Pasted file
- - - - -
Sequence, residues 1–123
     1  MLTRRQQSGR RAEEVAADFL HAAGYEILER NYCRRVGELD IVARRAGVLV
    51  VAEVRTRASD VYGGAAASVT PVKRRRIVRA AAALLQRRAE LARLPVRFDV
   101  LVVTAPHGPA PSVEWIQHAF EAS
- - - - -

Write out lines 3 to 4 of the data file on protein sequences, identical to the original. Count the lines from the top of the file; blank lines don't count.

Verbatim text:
    51  VAEVRTRASD VYGGAAASVT PVKRRRIVRA AAALLQRRAE LARLPVRFDV
   101  LVVTAPHGPA PSVEWIQHAF EAS